Tiger Mania

tiger

We witnessed Tiger in the flesh on Sunday at the HSBC Champions tournament at Sheshan Golf Club here in Shanghai. Here you can see him lining up a putt on the 9th, but when I get my next role developed I expect to have a much better shot of him, which I shot up close after he finished his round.

It was really a great event. I, who love golf, was bound to have a good time – no surprises there. But many doubted that my lady would be amused at walking around a vast expanse of land for hours on end watching large men hit little balls at faraway targets. The doubters were wrong; she loved every minute.

In fact, this was not her first golf tournament. She accompanied me to the 2004 China Open, also in Shanghai, which gave tickets away for free because Chinese people don’t care about golf Tiger wasn’t there. The biggest name at that event was Thomas Bjorn.

But this one was huge. I guess there were over 10,000 people there Sunday. And media were all over the place, as were the corporate sponsors. They had an area set up to play games, and I took shots of her playing mini-golf and getting a free ten-minute lesson.

The Chinese love Tiger, and some will say it is because they love a winner. All Chinese F1 fans (that I have met) love Michael Schumacher. All basketball fans love Jordan. And all golf fans love Tiger. People become golf fans because they love Tiger. This is not limited to the Chinese at all; it’s a worldwide phenomenon.

I have to admit, the guy is MAGNETIC. Just knowing that I was on the same course as him made me feel electric. When I saw him up close, I felt magic. I can’t describe it. Star power, I guess.

I got tickets by playing up the media angle, getting a pass to the media tent and a free lunch. That meant that I got to go to the press conference the Tuesday before the tournament started, at which Tiger made an appearance and answered some questions. I tried to ask him if he would ever design a golf course in China (he recently announced the formation of a design company), but the moderator never called on me and eventually a Chinese journalist asked my question. Tiger answered in his usual loquacious, noncommital, and media-savvy way.

On Friday he shot the course record, 64, but in the end he didn’t have enough to win, and came in second – the same as last year. And again, a relative unknown won. This year the champ was Yang Yung-eun of Korea, who beat out third-round leader Retief Goosen in the final holes. Cool finish.

Lord Byron, RIP

Byron Nelson
Byron Nelson

The great Byron Nelson is dead. At the ripe old age of 94, one of golf’s greatest legends has passed on. The New York Times did a great obituary on this giant of the game, in which they said

Nelson won the Masters twice, the P.G.A. Championship twice and the United States Open once. His triumphs in those five majors were among his 52 tournament victories, placing him No. 6 on the PGA Tour career list. His 18 tournament victories in 1945 remain a single-season record. During a seven-year stretch in the 1940’s he made 113 consecutive tournament cuts, a total exceeded only by Tiger Woods, who passed him in 2003. He was named male athlete of the year for 1944 and 1945 in an Associated Press poll of sportswriters and broadcasters.

They should have added there (they did later) that part of those 18 victories in 1945 made up a stretch of 11 consecutive wins. Both records still stand, and will probably stand for all time. No golfer has come close to either. The great Sam Snead “only” managed 11 in one season, and Tiger, in all his glory, has only gone as far as six straight – impressive feats, nonetheless. And I believe Tiger has gone 6 in a row twice. But nobody has touched 11 and 18, and I doubt they will.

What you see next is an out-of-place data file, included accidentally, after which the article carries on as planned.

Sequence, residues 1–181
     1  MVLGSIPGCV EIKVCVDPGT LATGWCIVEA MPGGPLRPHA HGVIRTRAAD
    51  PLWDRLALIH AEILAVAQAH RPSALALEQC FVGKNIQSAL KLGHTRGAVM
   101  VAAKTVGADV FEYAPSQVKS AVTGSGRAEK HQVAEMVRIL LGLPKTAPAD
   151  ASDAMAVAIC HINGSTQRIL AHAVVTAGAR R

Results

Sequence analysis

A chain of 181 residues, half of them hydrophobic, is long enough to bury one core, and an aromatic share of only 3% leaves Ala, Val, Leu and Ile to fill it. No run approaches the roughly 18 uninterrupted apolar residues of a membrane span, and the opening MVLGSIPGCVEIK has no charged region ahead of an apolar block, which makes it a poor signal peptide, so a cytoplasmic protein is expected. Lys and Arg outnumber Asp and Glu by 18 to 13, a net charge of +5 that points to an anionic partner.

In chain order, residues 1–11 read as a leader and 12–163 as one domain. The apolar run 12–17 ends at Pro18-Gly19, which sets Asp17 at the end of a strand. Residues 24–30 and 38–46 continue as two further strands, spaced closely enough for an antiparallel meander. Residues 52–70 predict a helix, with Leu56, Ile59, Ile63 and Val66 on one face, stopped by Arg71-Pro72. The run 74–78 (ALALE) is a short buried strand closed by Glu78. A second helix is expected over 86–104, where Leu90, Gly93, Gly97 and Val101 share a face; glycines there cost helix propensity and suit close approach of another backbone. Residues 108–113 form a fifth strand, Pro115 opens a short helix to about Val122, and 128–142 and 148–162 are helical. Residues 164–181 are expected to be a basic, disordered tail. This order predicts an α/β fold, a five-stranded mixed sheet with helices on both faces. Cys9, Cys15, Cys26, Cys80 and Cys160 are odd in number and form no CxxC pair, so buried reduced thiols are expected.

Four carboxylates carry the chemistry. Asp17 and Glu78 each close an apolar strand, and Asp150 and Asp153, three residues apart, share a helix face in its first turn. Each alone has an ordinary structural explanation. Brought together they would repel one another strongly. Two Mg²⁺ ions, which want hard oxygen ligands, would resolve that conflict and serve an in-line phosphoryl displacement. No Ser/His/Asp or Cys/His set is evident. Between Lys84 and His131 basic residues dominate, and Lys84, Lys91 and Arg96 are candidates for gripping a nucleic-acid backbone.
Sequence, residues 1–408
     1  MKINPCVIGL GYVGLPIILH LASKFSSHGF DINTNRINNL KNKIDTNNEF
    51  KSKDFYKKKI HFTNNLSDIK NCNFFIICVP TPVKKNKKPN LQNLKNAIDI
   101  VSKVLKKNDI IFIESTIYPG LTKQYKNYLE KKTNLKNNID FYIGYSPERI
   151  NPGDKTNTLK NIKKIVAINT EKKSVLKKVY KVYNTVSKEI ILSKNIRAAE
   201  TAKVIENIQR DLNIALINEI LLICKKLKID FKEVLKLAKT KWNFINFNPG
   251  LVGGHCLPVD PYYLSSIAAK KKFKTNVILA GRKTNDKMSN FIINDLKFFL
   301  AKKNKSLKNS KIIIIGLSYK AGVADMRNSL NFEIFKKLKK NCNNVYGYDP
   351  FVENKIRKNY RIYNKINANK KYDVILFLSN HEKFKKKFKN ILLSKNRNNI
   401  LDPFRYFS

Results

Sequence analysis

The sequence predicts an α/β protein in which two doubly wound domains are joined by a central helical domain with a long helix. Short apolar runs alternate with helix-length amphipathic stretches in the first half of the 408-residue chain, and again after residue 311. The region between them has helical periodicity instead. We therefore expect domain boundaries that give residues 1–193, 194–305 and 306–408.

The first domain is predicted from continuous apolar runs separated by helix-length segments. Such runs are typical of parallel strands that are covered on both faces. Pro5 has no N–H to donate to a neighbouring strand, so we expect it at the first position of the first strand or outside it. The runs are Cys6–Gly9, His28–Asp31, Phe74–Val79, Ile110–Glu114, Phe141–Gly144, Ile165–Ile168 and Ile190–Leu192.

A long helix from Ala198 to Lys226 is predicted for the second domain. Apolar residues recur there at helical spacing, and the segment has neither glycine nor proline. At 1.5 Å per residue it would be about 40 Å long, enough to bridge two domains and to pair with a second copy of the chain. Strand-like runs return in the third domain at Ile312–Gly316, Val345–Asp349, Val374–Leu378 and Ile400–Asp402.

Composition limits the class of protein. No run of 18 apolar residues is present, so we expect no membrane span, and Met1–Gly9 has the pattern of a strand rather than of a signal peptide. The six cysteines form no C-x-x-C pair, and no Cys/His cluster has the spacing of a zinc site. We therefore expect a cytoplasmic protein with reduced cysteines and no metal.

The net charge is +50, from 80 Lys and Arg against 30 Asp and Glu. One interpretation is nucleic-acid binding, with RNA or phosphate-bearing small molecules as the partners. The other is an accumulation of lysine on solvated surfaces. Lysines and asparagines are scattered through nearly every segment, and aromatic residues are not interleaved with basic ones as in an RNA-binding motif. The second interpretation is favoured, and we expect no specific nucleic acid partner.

Another noteworthy part of the article says that Byron Nelson was once an assistant pro in my hometown of Ridgewood, NJ, at the storied Ridgewood Country Club. Actually, the RCC is in Paramus, but hey, what can you do.

Here is my favorite part of the article, which I think sums up the way that I want to look at my own life, whether in golf, music, business, study, or anything:

“”What I did in 1945 was mostly a mental achievement”,” he recalled. “”In those days, I could drive the ball so well that I would really get bored. I just decided I was not going to hit one careless shot. Plus, I had the focus of the ranch.”” Nelson needed $55,000 to purchase ranchland, something he had long coveted. In his memoir “How I Played the Game,” his recalled: ““Each drive, each iron, each chip, each putt was aimed at the goal of getting that ranch. And each win meant another cow, another acre, another 10 acres, another part of the down payment.””

Nelson’’s winnings in 1945 —- about $63,000 in war bonds -— enabled him to buy a 740-acre spread in Roanoke, near Dallas, that he named Fairway Ranch. It became his home for the rest of his life.

I’ll raise my glass to that.

UPDATE 9-28: NYT has a new piece on Nelson here (requires subscription) which includes this anecdote about Ridgewood:

Nelson hit the ball so straight, the caddies there once challenged him to try to hit the flagpole about 100 yards away across the practice green from the slate deck outside the pro shop. Together, the caddies put up about 55 cents. They put down three balls on the deck and gave Nelson three shots to hit the flagpole, which was about six inches wide.

“I used my 3-iron,” Nelson often recalled with a smile. “My first ball just missed the flagpole, then my second clanged off it. I picked up the 55 cents.”

Damn. And here’s what kind of a guy Lord Byron was, in the words of Ken Venturi:

“I once asked Byron why, wherever we went, he would always go into the pro shop and ask, ‘’What is the course record and who holds it?’’”” Venturi recalled. “”He told me: ‘‘If the home pro owns the course record, you don’’t break it. The home pro lives there. We’’re just visitors.’’ Now that’’s class.”